Inbound Madrid Protocol applicants

white trademark symbol with arrow pointing inside the outline of the United States on a yellow circle background

To register your trademark in the United States using the Madrid Protocol, you must first own an international registration issued by the International Bureau of the World Intellectual Property Organization (WIPO). You can then request to extend the protection of the international registration to the United States.

We process requests for extension of protection the same as any other U.S. trademark application, and a registered extension of protection provides all the same legal rights as any other U.S. trademark registration.

If you haven't applied for an international registration, consult your country’s trademark office for more information.

Alternatively, you can file a trademark application directly with the United States Patent and Trademark Office (USPTO) instead of using the Madrid system. Learn the basics of filing a U.S. trademark application.

For an overview of the benefits of using the Madrid system to protect your trademark internationally, see the International Bureau’s benefits of the Madrid System. For tips on designating the United States of America in an international registration, read the Madrid Highlights, March 2015 Special Edition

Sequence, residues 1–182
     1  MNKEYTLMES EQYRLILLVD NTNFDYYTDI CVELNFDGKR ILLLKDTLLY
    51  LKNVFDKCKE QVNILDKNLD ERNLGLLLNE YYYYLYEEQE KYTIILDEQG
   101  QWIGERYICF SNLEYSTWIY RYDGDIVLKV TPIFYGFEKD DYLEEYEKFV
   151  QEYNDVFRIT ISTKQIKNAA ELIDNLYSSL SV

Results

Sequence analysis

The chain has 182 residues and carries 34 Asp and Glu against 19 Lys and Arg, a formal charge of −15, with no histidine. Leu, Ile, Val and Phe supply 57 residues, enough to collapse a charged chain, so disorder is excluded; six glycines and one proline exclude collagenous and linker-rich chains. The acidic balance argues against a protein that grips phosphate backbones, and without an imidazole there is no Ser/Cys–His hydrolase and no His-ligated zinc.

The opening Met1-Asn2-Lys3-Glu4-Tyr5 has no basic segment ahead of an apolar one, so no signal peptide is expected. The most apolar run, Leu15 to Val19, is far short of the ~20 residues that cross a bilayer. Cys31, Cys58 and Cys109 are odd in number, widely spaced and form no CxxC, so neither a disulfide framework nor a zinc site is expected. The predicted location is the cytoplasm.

How to request extension of protection to the United States

To register your trademark in the United States using the Madrid Protocol, you must designate the United States for extension of protection in one of two ways:

Requirement for a U.S.-licensed attorney

The USPTO requires applicants domiciled outside the United States to have a U.S.-licensed attorney represent them in their USPTO trademark proceedings. For example, if we issue a provisional refusal of your application, your U.S.-licensed attorney must respond and represent you throughout the rest of the proceeding with the USPTO. Learn more about hiring a U.S.-licensed attorney.

We strongly recommend you consult with a U.S.-licensed attorney to help you understand the legal requirements for registration before designating the United States in your international application or subsequent designation.

How your request is examined

With limited exceptions, all U.S. laws and rules that apply to a U.S. trademark application also apply to a request for extension of protection filed through the Madrid Protocol. We refer to these requests as Section 66(a) applications, and we examine them in the same manner as U.S. applications. Learn more about our trademark examination process.

After your request is approved

If our examination determines that your request for extension of protection meets all the requirements for registration under U.S. law, we’ll publish your trademark in our Trademark Official Gazette (TMOG). For thirty days after publication, anyone who believes they will be harmed by your mark registering in the United States can try to oppose your U.S. registration. If no one files an opposition against your mark, the trademark in your extension of protection will be registered in the United States.